Receiving Wide Coverage ...
In the lead: Goldman Sachs promoted Gregg Lemkau and Marc Nachmann as co-heads of its investment-banking division, a move the Wall Street Journal calls one of the "biggest changes in a decade to the leaders atop its investment-banking division." Lemkau and Nachmann join John Waldron running the unit. Richard Gnodde, Waldron's counterpart in London, will now oversee Goldman's international business. Goldman also promoted Francois-Xavier de Mallmann to a senior role in London.
"The promotions stem from a broader shake-up atop Goldman last year," the paper noted, including former President Gary Cohn leaving the firm to take a senior role in the Trump administration. He was replaced by CFO Harvey Schwartz and David Solomon, a senior investment banker. Wall Street Journal, Financial Times
Wall Street Journal
SOS: Finance chiefs at 18 American regional banks want the Trump administration to go to bat for them against a new accounting rule that would require them to recognize losses on soured loans more quickly, "potentially setting the stage for a clash between the Treasury Department and the Securities and Exchange Commission." The banks have asked Treasury Secretary Steven Mnuchin to conduct an analysis of the long-term effects of the rule, which the banks argue "could do economic harm" by reducing lending and making borrowing more expensive. The rule was issued last year and set to take effect as early as 2019.
Desperately seeking profit: Online lender On Deck Capital said it eschewing growth and focusing on becoming profitable following seven quarterly losses since going public in December 2014. The company, which specializes in online loans to small businesses, announced the new strategy as it reported an $11.6 million loss in the first quarter. The stock was down sharply on the news.
"Fundamentally, investors are finally waking up to the fact that On Deck is more of a niche financial company than a revolutionary technology platform," the paper commented.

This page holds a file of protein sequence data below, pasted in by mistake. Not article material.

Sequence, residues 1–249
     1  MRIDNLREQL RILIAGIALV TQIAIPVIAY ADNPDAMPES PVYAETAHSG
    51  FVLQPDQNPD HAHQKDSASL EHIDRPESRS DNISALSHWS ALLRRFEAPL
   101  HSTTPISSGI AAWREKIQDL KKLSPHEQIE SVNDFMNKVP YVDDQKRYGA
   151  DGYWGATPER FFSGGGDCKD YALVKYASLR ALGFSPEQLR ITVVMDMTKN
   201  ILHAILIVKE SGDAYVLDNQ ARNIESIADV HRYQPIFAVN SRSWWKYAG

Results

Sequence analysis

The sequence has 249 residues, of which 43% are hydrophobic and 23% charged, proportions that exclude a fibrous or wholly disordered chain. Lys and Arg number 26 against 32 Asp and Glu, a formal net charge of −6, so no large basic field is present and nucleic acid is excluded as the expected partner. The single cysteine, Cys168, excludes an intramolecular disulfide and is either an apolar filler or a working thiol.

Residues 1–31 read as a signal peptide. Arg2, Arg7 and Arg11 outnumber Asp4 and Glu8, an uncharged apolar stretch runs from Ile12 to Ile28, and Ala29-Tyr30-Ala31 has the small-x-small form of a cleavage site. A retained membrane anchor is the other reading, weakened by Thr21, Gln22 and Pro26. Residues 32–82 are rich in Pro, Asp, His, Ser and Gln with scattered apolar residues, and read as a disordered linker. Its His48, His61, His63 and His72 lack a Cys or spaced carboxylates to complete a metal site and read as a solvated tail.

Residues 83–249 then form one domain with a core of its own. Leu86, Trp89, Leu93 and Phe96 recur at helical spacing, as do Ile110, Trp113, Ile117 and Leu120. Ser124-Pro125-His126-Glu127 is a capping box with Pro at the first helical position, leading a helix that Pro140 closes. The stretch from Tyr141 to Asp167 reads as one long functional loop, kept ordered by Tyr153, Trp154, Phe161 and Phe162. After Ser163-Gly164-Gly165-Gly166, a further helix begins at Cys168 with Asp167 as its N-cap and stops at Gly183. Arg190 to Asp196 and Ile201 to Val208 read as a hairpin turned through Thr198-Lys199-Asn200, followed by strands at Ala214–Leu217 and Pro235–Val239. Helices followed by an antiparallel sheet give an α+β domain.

Growing Ant: Ant Financial, the financial services unit of Alibaba Group, has reached a deal with First Data that will allow Chinese visitors to the U.S. to use Alipay to make purchases on their smartphones at First Data's four million merchant customers.
Cleared: A federal jury in Miami dismissed civil claims brought by the Securities and Exchange Commission against former BankAtlantic executive Alan Levan. The agency alleged Levan misled investors back in 2007 about trouble in the bank's loan portfolio, and that the bank manipulated the value of some loans. The jury found in favor of Levan and BBX Capital, as the bank is now known, on both counts.
Real support: Bill Gates, Jeff Bezos, Michael Bloomberg and Peter G. Peterson are donating $10 million to help Yale University create an online platform that will provide real-time support to government officials dealing with financial crises.
Shut out: A report from software provider Accuity says households and small businesses all over the world are being shut out of the global financial system because large banks have cut their ties with smaller banks in order to avoid the possibility of regulatory sanctions. "Many banks have reduced their networks of relationships with banks in other countries, fearing that flaws in their partners' controls could land them in trouble," the paper noted. The Accuity report said the number of correspondent banking relationships has dropped by more than 25% over the past seven years.
Heading for the exits: The number of financial services companies warning they may move jobs or activities out of the U.K. because of Brexit "are coming thicker and faster than ever," the paper reports. A report says more than a quarter of the 222 largest British financial services firms it tracks plan to move out of the country or change their headquarters, an increase of 50% in the past four months.
Buffalo News: Three vice chairmen – Rene F. Jones, Richard S. Gold and Kevin J. Pearson – are viewed as possible successors to longtime M&T Bank Corp. chairman and CEO Robert G. Wilmers, the Buffalo News reports. "Their career development reflects an approach Wilmers brought to the bank after arriving in 1983: creating leaders immersed in M&T's way of doing things, experienced in different business segments," the paper said.
"You do not climb the ladder at M&T without a great degree of knowledge in your field and a grasp of the numbers. This comes from Wilmers. These are the people who get promoted." –John Wilcox, an economics and finance professor at SUNY Buffalo State